The abrupt retirement of a Colorado town's police chief last week came a day after his employees asked town leaders to oust him, saying his “lack of leadership and incompetence” had left the department “in much worse shape now than it has ever been in the last 17 years,” according to a letter given to town officials.
Jacob Shirk -- police chief of Monument, an El Paso County town of 8,000 between Colorado Springs and Castle Rock -- was placed on administrative leave hours after the Police Department staff delivered a vote of no confidence in Shirk in a June 18 letter to the town manager and human resources manager.
Under Shirk, morale at the department fell to “an all time low” and turnover skyrocketed as 17 employees left in three years, according to the letter. The letter, signed by all of the department’s nearly 20 employees, was obtained by The Gazette through an open records request.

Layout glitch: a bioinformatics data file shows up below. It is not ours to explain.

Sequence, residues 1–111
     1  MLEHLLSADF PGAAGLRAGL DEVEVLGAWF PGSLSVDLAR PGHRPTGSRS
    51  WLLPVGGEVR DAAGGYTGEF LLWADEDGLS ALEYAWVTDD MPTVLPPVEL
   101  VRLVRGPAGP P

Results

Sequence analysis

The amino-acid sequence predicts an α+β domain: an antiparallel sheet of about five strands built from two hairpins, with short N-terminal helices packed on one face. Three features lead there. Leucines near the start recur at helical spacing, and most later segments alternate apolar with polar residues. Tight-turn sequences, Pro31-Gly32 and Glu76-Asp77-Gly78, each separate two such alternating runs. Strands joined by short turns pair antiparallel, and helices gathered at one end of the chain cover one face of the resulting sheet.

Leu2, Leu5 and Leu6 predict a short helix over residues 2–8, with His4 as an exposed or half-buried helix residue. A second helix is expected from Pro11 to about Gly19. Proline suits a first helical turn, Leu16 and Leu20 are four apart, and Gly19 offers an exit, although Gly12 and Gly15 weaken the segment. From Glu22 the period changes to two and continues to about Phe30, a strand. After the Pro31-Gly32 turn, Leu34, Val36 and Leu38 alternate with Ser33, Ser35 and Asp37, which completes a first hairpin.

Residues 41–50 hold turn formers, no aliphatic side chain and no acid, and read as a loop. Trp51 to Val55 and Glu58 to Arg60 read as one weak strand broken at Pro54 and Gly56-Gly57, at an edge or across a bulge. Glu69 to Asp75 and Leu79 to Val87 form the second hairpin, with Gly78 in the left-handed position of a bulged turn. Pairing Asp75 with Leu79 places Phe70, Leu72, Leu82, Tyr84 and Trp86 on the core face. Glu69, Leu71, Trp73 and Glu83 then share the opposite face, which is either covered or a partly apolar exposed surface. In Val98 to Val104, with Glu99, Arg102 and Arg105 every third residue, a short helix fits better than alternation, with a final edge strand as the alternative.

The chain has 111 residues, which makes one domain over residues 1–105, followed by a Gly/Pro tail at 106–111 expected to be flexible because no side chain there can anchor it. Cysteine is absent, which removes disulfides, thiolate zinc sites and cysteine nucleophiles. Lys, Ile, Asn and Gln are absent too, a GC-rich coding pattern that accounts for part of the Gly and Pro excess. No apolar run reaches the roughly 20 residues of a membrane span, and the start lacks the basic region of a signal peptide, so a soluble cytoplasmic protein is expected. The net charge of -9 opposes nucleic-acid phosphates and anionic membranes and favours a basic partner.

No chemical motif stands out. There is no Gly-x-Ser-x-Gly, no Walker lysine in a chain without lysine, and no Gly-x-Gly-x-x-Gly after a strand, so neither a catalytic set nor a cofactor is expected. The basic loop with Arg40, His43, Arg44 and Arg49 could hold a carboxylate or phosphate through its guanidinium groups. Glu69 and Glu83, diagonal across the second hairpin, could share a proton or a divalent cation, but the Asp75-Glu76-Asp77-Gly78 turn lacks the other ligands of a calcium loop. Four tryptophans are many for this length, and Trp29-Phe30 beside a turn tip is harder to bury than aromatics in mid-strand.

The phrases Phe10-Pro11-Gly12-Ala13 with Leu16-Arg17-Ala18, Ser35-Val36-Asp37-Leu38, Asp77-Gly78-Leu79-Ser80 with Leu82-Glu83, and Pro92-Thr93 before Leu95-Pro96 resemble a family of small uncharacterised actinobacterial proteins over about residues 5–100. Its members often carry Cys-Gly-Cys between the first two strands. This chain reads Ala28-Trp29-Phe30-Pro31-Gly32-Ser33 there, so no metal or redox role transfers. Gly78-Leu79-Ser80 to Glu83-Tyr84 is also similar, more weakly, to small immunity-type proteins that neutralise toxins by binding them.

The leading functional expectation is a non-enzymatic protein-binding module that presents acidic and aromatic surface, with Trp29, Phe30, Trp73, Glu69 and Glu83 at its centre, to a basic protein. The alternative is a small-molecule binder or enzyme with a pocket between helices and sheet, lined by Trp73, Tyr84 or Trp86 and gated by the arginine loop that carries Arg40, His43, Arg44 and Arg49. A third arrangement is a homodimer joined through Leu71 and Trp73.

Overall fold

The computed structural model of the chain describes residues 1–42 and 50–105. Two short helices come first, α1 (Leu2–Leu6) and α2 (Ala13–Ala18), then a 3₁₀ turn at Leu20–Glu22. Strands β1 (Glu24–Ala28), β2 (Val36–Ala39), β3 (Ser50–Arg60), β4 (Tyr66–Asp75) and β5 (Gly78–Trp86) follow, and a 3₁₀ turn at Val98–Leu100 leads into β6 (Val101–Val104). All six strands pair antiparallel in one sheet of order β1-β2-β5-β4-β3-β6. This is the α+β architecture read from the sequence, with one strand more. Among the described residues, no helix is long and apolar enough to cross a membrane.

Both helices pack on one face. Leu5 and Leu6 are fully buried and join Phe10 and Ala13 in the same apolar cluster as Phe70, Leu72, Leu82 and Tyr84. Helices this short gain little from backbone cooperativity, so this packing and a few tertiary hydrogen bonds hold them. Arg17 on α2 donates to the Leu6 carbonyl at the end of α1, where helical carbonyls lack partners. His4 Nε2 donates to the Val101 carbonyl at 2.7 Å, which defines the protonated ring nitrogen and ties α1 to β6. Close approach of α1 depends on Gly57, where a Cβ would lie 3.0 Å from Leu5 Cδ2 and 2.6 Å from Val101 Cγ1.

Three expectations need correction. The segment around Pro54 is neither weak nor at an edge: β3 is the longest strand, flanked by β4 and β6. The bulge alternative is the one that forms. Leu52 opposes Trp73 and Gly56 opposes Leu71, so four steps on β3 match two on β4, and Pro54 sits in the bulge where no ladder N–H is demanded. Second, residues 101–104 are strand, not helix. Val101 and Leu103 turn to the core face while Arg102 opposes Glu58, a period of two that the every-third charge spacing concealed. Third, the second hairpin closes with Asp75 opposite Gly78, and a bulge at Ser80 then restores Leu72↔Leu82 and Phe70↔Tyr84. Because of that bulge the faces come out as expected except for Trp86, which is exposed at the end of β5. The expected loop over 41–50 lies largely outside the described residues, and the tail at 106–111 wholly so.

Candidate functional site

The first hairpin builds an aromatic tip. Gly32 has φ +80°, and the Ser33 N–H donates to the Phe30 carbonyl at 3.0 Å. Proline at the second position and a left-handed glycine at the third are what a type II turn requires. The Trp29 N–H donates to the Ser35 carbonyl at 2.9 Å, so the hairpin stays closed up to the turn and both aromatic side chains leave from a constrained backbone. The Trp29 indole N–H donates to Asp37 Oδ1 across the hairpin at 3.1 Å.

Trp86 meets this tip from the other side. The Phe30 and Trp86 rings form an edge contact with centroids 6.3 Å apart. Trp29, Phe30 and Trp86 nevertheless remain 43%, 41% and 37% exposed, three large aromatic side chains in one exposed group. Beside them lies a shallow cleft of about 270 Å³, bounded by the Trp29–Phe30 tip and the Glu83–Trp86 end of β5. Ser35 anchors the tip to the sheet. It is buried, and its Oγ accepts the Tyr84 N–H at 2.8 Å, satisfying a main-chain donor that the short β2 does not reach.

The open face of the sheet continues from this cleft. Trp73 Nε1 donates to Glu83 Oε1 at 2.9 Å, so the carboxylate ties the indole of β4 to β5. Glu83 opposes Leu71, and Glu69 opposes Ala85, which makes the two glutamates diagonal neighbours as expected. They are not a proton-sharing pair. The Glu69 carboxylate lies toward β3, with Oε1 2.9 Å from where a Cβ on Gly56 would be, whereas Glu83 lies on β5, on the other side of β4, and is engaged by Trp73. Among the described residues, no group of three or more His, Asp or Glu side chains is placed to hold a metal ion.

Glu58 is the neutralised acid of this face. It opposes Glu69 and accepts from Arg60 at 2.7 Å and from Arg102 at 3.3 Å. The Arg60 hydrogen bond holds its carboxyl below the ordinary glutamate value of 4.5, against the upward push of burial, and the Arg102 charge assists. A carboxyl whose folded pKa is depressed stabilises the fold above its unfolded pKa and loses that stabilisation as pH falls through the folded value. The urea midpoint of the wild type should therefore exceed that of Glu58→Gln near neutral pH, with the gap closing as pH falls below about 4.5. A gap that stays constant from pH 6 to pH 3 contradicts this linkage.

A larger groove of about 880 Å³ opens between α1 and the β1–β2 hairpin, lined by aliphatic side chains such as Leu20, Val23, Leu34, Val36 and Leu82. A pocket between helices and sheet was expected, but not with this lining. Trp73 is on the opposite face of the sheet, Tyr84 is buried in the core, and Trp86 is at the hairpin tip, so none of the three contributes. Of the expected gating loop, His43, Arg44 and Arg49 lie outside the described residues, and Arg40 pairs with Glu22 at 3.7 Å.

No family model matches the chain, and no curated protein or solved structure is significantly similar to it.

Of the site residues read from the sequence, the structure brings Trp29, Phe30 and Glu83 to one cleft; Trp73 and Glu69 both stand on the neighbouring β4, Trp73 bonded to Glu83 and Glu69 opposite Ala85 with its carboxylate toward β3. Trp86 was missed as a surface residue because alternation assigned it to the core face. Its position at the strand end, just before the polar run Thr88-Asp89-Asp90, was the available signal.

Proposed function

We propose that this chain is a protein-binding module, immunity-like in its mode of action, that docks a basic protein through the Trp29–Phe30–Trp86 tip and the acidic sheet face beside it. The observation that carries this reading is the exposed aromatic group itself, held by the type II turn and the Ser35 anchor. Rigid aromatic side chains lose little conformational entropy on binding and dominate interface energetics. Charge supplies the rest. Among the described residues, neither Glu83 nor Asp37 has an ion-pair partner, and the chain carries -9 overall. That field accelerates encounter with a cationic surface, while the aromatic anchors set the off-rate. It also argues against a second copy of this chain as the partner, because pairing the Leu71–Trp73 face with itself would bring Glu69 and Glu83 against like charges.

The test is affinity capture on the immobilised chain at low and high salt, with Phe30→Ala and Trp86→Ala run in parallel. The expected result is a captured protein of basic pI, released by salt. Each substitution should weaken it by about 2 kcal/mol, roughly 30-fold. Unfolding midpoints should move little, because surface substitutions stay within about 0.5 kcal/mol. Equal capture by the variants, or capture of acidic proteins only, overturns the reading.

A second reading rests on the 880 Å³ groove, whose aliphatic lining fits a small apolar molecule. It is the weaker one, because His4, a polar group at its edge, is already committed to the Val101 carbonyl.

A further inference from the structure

Their complaints are among the latest indications of dysfunction in Monument, where near-constant skirmishes among town leaders over the past 18 months have led to allegations of misconduct.
The Internal Revenue Service and the Federal Bureau of Investigation have taken over an investigation into the town’s finances that was initiated by the El Paso County Sheriff’s Office last year, said Town Manager Mike Foreman. Town officials say they don’t know the scope of the investigation or what prompted it.
After a Thursday news release from Monument announcing Shirk’s retirement, the former chief denied being forced out, telling The Gazette he was retiring after 14 years with the department because he wanted a new career after decades in law enforcement.
“I retired in good standing. As a matter of fact, the town, to include the Police Department, are throwing me a great big retirement party,” Shirk said last week. “Obviously, if there were big problems, there would be big problems. And there’s not.”
Shirk did not return multiple, subsequent calls seeking further comment.
In the letter, Police Department employees listed the following as Shirk’s deficiencies:
• Failing to correct violations cited by the Colorado Bureau of Investigation in a February 2018 audit detailing lapses in computer security, record-keeping and employee training.